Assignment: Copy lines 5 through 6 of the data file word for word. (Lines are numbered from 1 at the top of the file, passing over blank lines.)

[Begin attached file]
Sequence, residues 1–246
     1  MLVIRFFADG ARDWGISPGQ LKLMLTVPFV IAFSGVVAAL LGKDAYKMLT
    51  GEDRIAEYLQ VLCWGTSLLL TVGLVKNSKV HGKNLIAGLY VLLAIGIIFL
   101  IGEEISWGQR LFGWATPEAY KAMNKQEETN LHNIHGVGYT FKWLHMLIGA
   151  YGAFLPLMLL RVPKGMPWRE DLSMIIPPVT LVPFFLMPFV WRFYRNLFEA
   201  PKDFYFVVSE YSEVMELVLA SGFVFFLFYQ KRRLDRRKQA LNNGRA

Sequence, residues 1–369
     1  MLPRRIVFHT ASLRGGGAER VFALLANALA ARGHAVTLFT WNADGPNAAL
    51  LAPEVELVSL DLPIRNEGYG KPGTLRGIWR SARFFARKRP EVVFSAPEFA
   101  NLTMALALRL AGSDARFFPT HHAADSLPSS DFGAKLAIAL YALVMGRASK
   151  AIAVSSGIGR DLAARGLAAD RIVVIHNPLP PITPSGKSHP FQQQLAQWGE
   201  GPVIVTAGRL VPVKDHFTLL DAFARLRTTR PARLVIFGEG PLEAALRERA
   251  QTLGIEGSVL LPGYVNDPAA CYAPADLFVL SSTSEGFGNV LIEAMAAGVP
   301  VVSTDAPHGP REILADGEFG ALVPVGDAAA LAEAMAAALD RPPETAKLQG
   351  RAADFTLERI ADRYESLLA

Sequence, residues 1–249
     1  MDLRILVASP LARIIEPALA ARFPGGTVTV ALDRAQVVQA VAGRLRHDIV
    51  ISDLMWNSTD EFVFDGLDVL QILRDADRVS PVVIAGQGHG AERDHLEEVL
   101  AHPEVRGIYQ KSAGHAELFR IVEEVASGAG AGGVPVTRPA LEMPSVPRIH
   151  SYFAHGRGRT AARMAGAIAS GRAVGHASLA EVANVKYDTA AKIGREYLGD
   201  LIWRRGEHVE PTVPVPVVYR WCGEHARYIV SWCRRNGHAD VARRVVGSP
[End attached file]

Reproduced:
   151  YGAFLPLMLL RVPKGMPWRE DLSMIIPPVT LVPFFLMPFV WRFYRNLFEA
   201  PKDFYFVVSE YSEVMELVLA SGFVFFLFYQ KRRLDRRKQA LNNGRA